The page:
About Sylvia Foley

Former senior editor at AJN.

Intimate Partner Violence: ‘Troubling Knowledge and Practice Gaps’ among Rural Providers

By Sylvia Foley, AJN senior editor

Table 8. Perceived self-efficacy on a 1-to-5 scale (mean score above 2.5 indicates greater sense of self-efficacy). Table 8. Perceived self-efficacy on a 1-to-5 scale (higher score indicates greater self-efficacy).

Intimate partner violence (IPV) remains a widespread health and social problem in the United States, affecting an estimated one in three women during her lifetime.

Health care providers can make a critical difference in the lives of these women, yet a lack of IPV-related knowledge, negative attitudes and beliefs, and low rates of screening are common. And women in rural areas face particular challenges.

To learn more about rural providers with regard to IPV, nurse researchers Karen Roush and Ann Kurth conducted a study. They report their findings in this month’s CE–Original Research feature, “Intimate Partner Violence: The Knowledge, Attitudes, Beliefs, and Behaviors of Rural Health Care Providers.” Here’s an overview:

Methods: Health care providers working in a large rural health network were asked to complete electronic surveys that examined their IPV-related knowledge, attitudes, beliefs, and behaviors. Descriptive and correlational statistical analyses of the data were conducted.
Results: A total of 93 providers returned completed surveys. In general, the respondents demonstrated good overall knowledge, judicious attitudes, and beliefs congruent with the available evidence. Of concern were their […]

Napping on the Night Shift: What a Pilot Study Revealed

By Sylvia Foley, AJN senior editor

Table 1. Guidelines for Hospital Nurses on Implementing Naps on the Night Shift (click to enlarge)Nurses who work the night shift often struggle with high levels of sleepiness. But while onsite napping is effectively used to counter worker fatigue in other safety-sensitive industries, the practice has yet to win wide acceptance in nursing.

Curious about why this is so, nurse researchers Jeanne Geiger-Brown and colleagues recently conducted a pilot study. They report their findings in this month’s CE–Original Research feature, “Napping on the Night Shift: A Two-Hospital Implementation Project” (for some night shift napping ground rules, see, at right, Table 1: Guidelines for Hospital Nurses on Implementing Naps on the Night Shift—click table to enlarge).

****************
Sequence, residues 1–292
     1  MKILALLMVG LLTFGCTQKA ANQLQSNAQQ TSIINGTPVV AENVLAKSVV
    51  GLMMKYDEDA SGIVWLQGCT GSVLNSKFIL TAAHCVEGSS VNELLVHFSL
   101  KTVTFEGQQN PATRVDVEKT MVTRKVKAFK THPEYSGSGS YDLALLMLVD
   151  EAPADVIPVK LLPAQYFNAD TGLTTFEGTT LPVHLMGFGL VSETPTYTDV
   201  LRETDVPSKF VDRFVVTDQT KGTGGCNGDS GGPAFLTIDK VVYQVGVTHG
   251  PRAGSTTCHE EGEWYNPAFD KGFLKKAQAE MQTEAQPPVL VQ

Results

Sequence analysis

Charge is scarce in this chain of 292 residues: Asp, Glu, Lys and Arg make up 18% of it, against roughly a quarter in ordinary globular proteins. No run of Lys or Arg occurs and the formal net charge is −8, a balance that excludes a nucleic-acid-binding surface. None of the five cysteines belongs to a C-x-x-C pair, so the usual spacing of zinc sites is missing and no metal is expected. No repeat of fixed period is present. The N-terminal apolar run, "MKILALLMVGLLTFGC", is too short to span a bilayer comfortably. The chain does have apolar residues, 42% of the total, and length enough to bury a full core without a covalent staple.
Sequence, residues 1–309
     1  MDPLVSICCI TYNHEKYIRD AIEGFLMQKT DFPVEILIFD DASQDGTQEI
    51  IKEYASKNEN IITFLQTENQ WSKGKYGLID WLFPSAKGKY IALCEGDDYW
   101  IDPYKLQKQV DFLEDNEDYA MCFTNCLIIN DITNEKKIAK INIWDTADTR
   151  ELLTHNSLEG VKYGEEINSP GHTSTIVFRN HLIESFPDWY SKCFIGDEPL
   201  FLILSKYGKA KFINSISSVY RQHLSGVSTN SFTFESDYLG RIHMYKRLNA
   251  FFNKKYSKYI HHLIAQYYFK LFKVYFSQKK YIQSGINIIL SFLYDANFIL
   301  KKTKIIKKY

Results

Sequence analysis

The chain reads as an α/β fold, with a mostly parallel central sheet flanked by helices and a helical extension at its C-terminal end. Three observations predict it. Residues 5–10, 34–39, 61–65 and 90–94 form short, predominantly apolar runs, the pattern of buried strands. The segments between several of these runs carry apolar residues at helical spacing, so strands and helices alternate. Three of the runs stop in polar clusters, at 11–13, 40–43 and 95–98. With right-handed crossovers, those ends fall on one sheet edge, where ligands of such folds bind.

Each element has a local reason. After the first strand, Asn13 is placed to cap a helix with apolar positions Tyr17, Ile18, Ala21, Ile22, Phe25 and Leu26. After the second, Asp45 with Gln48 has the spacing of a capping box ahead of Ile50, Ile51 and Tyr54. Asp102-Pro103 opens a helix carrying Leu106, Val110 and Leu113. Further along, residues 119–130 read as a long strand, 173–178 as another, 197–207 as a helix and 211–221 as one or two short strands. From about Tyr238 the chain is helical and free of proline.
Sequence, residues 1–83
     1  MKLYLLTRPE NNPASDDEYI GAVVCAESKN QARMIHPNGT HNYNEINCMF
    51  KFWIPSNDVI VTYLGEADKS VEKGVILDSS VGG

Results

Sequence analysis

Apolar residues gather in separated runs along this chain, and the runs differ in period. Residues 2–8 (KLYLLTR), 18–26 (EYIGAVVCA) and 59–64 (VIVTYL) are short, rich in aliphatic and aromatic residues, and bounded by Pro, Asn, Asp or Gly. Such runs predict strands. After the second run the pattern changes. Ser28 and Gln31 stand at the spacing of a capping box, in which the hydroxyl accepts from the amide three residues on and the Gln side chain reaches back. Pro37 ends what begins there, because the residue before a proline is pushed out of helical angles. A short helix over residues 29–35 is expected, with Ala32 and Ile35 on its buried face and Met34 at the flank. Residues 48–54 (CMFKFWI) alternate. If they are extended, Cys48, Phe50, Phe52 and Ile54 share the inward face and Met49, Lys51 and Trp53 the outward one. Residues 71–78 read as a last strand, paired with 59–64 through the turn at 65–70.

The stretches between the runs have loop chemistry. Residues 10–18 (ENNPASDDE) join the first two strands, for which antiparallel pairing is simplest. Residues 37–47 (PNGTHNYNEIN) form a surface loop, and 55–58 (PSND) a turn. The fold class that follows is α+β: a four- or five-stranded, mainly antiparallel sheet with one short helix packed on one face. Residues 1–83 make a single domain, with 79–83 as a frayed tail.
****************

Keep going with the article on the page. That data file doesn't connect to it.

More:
Here’s an overview:

Purpose: To assess the barriers to successful implementation of night-shift naps and to describe the nap experiences of night-shift nurses who took naps.

Methods: In this two-hospital pilot implementation project, napping on the night shift was offered to six nursing units. Unit nurse managers’ approval was sought, and further explanation was given to a unit’s staff nurses. A nap experience form, which included the Karolinska Sleepiness Scale, was used to assess pre-nap sleepiness level, nap duration and perceived sleep experience, post-nap sleep inertia, and the perceived helpfulness of the nap. Nurse managers and staff nurses were also interviewed at the end of the three-month study period.

Results: Successful implementation occurred on only one of the six units, with partial success seen on […]

‘Do You Consider Yourself Healthy?’ Study Sheds Light on RNs’ Lifestyle Practices

By Sylvia Foley, AJN senior editor

Over the past decade, the lifestyle practices of nurses and their connection to quality of care and patient outcomes have been gaining attention. Indeed, according to the patient-centered, relationship-based care model, one of the main conditions for optimal care is that providers engage in healthy self-care behaviors. Yet there is some evidence suggesting that RNs don’t consistently do so, especially when it comes to exercise and stress reduction—even when they believe they should.

Nurse researchers Karen Thacker and colleagues recently conducted a study to learn more. They report their findings in this month’s CE–Original Research feature, “An Investigation into the Health-Promoting Lifestyle Practices of RNs.” Here’s a brief summary: